During the 19th century (1801-1900), most homes were multi-generational due to the American economy’s reliance on farming. Having parents, grandparents, and children living together meant there were more hands to help on the farm. Even when children moved out, at least one stayed in the home to one day inherit it.
In the 1900s, the population boomed made land prices rise and property harder to secure, so people started looking to the growing industrial sector for jobs. In 1935, the Social Security Act made it easier for elderly people to afford living alone. More programs introduced after World War II accelerated that, making it easier for the elderly to stay in their original homes, while even more young people were finding themselves in good positions to buy their own houses. This brought the number of multigenerational homes in the United States down to 12% of the total homes in existence.
However, around 1980 there was a change. Growing costs of living spurred a different outlook on multigenerational housing. Since then, multigenerational housing has been on the rise.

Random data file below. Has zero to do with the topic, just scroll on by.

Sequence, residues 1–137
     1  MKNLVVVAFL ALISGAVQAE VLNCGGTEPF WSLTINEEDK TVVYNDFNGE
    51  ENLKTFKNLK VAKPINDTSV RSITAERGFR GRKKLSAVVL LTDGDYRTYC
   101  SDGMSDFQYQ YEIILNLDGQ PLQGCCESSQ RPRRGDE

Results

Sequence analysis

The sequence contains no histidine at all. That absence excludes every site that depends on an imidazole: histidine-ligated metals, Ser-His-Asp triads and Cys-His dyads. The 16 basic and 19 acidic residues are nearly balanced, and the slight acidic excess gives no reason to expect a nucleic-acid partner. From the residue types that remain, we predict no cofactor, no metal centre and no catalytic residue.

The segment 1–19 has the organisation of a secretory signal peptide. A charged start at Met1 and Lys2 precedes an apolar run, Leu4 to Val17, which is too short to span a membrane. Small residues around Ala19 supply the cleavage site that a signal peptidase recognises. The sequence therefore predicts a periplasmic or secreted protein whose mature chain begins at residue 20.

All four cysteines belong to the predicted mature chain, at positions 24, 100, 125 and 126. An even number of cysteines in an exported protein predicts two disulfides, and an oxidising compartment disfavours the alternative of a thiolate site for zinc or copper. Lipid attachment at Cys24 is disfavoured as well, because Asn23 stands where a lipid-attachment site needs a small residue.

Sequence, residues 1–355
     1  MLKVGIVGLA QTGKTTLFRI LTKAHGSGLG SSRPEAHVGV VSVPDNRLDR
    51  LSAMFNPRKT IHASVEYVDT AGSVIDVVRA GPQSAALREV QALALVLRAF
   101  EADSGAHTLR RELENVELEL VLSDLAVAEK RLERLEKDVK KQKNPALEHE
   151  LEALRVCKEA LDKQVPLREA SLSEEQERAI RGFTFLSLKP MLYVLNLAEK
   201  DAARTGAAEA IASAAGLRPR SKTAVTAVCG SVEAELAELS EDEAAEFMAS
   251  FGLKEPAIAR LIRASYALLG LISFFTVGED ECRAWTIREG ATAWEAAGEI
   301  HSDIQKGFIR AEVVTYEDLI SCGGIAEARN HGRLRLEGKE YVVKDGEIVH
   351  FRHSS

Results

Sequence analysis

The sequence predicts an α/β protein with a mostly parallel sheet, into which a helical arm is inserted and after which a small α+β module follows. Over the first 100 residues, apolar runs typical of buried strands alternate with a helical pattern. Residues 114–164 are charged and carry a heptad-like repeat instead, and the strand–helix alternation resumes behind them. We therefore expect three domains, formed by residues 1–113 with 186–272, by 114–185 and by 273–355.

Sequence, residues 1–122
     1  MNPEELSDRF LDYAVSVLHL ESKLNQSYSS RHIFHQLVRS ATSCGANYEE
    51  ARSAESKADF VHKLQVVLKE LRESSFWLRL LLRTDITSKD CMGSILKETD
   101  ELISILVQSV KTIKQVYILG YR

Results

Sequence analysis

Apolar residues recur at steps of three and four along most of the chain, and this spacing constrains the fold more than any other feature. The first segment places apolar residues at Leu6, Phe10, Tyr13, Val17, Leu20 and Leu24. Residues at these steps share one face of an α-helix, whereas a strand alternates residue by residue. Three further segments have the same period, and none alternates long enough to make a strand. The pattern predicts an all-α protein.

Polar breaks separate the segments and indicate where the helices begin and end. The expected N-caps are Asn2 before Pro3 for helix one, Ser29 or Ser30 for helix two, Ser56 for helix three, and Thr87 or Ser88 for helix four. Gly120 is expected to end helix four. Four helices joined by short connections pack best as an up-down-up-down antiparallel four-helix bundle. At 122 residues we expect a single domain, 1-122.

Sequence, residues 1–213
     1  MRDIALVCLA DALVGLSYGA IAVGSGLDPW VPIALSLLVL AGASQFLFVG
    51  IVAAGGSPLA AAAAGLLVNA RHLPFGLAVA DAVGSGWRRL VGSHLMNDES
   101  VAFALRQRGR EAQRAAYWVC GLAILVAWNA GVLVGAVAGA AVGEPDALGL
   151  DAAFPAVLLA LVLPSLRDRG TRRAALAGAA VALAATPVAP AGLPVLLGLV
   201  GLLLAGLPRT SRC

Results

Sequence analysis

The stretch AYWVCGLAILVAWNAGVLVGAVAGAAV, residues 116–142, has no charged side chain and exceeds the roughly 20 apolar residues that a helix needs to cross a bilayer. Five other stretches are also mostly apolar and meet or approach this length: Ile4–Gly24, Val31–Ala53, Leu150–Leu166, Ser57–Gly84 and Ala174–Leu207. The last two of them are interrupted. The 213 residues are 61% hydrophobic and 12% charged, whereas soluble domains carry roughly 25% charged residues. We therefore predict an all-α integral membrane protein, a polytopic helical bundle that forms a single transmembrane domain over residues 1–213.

Of all the homes sold in 2020, an average 12% of them were households of 2 or more adult generations (the spring 2020 market saw that spike to 15%). 28% purchased a new home to accommodate adult children living at home. 25% purchased to accommodate aging parents. The most common age range of the purchaser was 41-55 years-old. This was followed by 75-95 year-olds.
One thing is for sure, the pandemic helped many families realize the value and benefits of living together. The multigenerational home trend is sure to not slow down anytime soon.
If you’re thinking about purchasing a larger home to accommodate multiple generations, we are happy to help! Give us a call at (910) 202-2546 or send us a message through our contact page.
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